We See the Sea in Cee

Yesterday, Lana and I were back at it – moving along the Camino by our own two (well four) tired but happy to be on the trail feet.

We walked from Oliveroa to Cee. A go of 19kms or 30,465 Fitbit steps in a little less than 4hours. We had the pleasure (tongue in cheek) of either mist, rain or just plain old sogginess all day. It was our first day on the Camino where we had to wear waterproofs for the full walk. We have been at this Camino thing now for a couple weeks so that’s not too bad! No complaints.

We were up this morning at our usual time of about 7am with the rest of the hostel crew in our room of 12 near full bunk beds.

I was feeling more rested than the days prior thanks to my headphones that play literally the sound of a big electric fan running on repeat. White noise magic! Lana was a little less rested. A pilgrim in the bunk next to us was sawing logs like no one’s business. I turned up my white noise volume and Lana tuned him out – snoring not the problem. Turns out another pilgrim could not tune out the snoring and proceeded to snap loudly or clap from across the room trying to get the snorer to wake. But instead of waking the snorer actually just woke everyone else up. Not sure where they read that the snap/clap technique was a thing – cause it sure was not. You can tune out a consistent snore but not someone snapping and clapping loudly in small room at midnight. Too funny (well it is now, it was not late last night).

Any who, we were up and ready for our soggy day by 8 or so and enjoying breakfast (coffee, toast and bananas) in the cafe of our albergue. By 920 we had done our good morning social media stuff and we hit the trail. See ya later Casa Loncho of Oliveroa.

Boots on, packs covered, and waterproof jackets on we set out. We had pre-made some sandwiches for lunch but it looked like the sogginess of the day was going to prevent the vision of a picnic we had in mind. We threw them in my pack anyway of course and hoped for the best!

We were quickly out of our village and walking on a forest gravel road of sorts – up, down, across and up another river valley. The rain prevented much of a view and the fog hid the row of massive wind turbines that dot the ridge of the hills.

At the 4 or 5km mark we walked through the last couple of villages we would see before starting a barren stretch of approximately 12kms into Cee.

At one of these villages we learned about the ferocious Vakner said to haunt the woods we would be walking through – that’s great to know!? Where is my bear/Vakner spray? Do you act big with a Vakner like you would with a cougar? Or make loud noise and back away like a Bear? There was no Vakner tips in the guidebook.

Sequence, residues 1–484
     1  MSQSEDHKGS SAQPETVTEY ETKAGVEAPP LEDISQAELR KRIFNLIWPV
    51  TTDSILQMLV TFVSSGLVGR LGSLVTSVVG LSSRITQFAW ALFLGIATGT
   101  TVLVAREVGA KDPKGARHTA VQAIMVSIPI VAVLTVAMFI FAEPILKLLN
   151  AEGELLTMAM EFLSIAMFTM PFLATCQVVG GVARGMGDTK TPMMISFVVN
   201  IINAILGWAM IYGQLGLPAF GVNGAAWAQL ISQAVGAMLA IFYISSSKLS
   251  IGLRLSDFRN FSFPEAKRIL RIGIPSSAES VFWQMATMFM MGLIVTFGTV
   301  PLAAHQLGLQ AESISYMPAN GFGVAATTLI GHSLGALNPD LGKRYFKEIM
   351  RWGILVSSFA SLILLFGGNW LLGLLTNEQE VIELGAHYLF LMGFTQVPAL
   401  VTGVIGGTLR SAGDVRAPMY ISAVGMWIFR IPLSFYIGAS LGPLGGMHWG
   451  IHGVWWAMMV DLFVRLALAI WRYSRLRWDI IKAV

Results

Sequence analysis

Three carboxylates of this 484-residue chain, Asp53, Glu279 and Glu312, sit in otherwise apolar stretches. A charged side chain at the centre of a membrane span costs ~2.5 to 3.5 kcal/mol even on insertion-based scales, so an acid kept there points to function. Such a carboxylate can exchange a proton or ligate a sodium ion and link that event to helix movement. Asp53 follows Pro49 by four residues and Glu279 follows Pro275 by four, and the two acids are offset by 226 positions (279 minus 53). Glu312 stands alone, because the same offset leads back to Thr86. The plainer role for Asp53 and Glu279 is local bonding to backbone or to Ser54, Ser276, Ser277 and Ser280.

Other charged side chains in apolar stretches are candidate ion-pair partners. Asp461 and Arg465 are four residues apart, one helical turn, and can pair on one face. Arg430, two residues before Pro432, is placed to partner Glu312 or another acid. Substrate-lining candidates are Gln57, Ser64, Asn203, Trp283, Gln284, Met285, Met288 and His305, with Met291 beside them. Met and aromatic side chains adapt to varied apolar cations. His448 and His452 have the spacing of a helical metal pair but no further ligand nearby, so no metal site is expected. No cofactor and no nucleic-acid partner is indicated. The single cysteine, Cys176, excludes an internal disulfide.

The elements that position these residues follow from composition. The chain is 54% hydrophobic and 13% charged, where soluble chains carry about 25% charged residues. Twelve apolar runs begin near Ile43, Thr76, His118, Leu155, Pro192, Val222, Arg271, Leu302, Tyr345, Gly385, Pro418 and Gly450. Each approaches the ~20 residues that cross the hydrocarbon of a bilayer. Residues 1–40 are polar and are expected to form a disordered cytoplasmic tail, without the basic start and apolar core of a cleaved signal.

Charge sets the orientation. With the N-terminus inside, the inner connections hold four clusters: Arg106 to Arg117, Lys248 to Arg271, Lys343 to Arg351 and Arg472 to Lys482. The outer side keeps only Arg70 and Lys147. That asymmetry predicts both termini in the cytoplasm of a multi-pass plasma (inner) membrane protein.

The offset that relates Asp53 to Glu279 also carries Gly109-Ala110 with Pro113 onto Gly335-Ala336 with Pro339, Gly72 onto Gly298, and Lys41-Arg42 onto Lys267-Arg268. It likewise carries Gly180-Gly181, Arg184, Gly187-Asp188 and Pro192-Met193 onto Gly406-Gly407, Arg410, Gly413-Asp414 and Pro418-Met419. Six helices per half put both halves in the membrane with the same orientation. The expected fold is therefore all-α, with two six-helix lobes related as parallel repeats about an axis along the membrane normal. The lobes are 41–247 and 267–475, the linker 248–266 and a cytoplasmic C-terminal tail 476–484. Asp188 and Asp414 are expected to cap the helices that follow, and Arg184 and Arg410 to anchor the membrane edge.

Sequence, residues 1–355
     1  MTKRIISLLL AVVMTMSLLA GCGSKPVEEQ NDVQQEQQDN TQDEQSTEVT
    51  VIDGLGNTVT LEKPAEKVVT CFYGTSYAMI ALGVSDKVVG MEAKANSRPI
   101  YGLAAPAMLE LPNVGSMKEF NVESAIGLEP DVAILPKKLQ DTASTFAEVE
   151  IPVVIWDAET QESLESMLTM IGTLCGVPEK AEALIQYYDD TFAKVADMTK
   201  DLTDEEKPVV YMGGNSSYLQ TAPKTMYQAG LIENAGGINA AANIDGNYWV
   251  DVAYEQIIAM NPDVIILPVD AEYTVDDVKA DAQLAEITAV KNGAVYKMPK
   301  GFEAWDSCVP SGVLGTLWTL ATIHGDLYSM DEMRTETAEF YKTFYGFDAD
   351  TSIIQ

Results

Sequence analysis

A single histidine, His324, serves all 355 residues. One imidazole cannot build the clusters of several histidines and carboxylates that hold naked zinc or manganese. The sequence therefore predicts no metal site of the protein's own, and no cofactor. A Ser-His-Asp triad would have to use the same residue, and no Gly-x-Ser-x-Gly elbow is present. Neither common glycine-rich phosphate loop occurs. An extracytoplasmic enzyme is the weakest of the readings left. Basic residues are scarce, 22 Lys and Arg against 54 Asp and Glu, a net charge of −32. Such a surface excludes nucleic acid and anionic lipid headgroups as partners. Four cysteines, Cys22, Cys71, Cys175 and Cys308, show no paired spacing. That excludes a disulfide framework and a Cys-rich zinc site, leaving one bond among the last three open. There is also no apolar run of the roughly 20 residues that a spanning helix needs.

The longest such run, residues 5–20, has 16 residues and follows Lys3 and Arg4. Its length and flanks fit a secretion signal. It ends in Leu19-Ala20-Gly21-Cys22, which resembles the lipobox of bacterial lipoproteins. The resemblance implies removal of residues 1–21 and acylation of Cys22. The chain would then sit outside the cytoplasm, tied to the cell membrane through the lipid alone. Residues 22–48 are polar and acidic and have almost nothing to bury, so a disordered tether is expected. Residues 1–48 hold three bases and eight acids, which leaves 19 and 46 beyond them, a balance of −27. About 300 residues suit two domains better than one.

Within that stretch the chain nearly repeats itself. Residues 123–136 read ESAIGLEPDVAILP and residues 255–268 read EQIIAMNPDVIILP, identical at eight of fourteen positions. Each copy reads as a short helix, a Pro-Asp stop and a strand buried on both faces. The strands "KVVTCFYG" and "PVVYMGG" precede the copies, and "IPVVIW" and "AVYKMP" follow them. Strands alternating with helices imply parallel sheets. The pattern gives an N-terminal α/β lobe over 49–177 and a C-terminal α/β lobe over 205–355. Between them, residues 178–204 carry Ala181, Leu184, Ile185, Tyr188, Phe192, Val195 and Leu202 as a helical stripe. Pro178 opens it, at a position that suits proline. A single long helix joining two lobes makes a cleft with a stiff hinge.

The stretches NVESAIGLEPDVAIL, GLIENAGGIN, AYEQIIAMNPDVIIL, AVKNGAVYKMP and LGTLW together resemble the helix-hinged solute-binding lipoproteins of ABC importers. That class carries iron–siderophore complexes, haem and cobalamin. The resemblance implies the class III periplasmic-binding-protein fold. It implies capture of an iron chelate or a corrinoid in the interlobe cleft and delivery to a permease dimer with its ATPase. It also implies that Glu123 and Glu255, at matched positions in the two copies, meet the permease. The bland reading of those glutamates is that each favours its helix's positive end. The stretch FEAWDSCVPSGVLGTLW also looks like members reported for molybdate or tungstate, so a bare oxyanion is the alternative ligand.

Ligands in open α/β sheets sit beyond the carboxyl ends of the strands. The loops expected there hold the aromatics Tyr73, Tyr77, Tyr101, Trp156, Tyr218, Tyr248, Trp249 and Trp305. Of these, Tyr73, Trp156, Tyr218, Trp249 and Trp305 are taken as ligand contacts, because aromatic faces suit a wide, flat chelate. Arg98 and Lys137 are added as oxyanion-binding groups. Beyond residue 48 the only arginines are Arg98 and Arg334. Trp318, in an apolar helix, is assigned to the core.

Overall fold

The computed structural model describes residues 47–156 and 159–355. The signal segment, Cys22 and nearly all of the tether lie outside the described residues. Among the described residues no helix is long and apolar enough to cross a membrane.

With no reason to delay (besides being mangled by a Vakner) we got right to the barren stretch – it was foggy, humid, raining or misting (similar to a Scottish like mist) the whole time. We had our hoods up which makes it really difficult to have a conversation. So we just got up business!

While I couldn’t have my camera (aka iPhone) out much due to the rain, I was able to snap a few pics. The landscape was just awesome even in the rain. I can’t imagine how great it would look on a sunny day!

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Before long we were at the ‘distinct decent’ section that was described in our guide book. A long, big toe punishing hill that when over means you are in Cee.

Lana and I did an assortment of jogging, switchback, long stride and short stride hiking techniques to get down the hill while keeping our toes intact. Lana felt the jogging was her best bet and would often be 20-30 feet in front of me jogging almost out of sight in the thick fog. If she didn’t have her lime green cover on her backpack I am not sure I would have seen her at all. Seems the Vakner does not like jogging, so we not only got down the hill in great time and we also kept the beast at bay. Win, win!

All of a sudden we saw a road, some houses m, and if you squinted hard enough you could also see the sea in the distance. We had made it to Cee on the Sea!

We found our humble new home, Albergue Tequeron at the beginning of town and just a couple blocks from the harbour and a bunch of great cafes and checked in. The hostel lady greeted us with tea and cookies! Perfect after such a soggy day!

We were finally in a dry place. So decided to have that pre-made sandwich picnic we had planned for a sunny afternoon instead in our rain roof hostel terrace!

After that there wasn’t too much to do besides hang our stuff to dry, shower of the muddy mess that was on our legs (clearly kicked up by our amazing speed and agility on the muddy trail) and check our Cee from under the hoods of our rain jackets!

Well that ended up being a sit in a great pub and journaling, playing Camino-grams (a travelling version of Scrabble / Bananagrams of sorts that I made with paper and stamps before leaving home – too keep the weight down) and seeing what is happening in the world on iPad and iPhone. We love evenings like this!

We are up and at it again this morning with a walk to what is called Mile 0 of the Camino in Finisterre about 20km away. The forecast is 30% rain and 97% humidity… aka soggy but smiling!

Buen Camino!
Brande

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